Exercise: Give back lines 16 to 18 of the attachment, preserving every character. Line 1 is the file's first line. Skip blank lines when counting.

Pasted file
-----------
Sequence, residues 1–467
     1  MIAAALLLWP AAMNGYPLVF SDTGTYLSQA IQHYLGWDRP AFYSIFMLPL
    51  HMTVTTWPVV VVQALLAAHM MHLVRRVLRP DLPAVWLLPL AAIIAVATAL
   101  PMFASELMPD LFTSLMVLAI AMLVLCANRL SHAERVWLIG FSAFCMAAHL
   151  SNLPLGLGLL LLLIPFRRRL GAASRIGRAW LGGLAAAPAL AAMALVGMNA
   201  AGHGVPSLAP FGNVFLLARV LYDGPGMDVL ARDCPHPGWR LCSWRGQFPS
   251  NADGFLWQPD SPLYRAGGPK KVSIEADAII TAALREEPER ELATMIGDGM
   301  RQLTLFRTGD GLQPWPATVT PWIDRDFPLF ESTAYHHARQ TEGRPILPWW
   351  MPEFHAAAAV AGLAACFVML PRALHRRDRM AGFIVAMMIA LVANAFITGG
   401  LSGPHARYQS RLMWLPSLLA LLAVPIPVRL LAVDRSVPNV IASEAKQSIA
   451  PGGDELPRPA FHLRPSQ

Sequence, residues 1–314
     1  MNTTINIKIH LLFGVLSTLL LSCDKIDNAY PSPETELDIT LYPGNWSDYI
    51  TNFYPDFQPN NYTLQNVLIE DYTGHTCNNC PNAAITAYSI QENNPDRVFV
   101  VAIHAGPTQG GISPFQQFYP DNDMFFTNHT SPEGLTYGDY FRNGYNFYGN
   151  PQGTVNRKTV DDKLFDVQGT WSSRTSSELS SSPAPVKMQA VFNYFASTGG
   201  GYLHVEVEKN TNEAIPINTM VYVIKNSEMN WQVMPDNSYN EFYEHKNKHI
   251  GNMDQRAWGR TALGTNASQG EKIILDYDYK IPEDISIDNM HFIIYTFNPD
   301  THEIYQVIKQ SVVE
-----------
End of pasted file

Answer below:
   151  PQGTVNRKTV DDKLFDVQGT WSSRTSSELS SSPAPVKMQA VFNYFASTGG
   201  GYLHVEVEKN TNEAIPINTM VYVIKNSEMN WQVMPDNSYN EFYEHKNKHI
   251  GNMDQRAWGR TALGTNASQG EKIILDYDYK IPEDISIDNM HFIIYTFNPD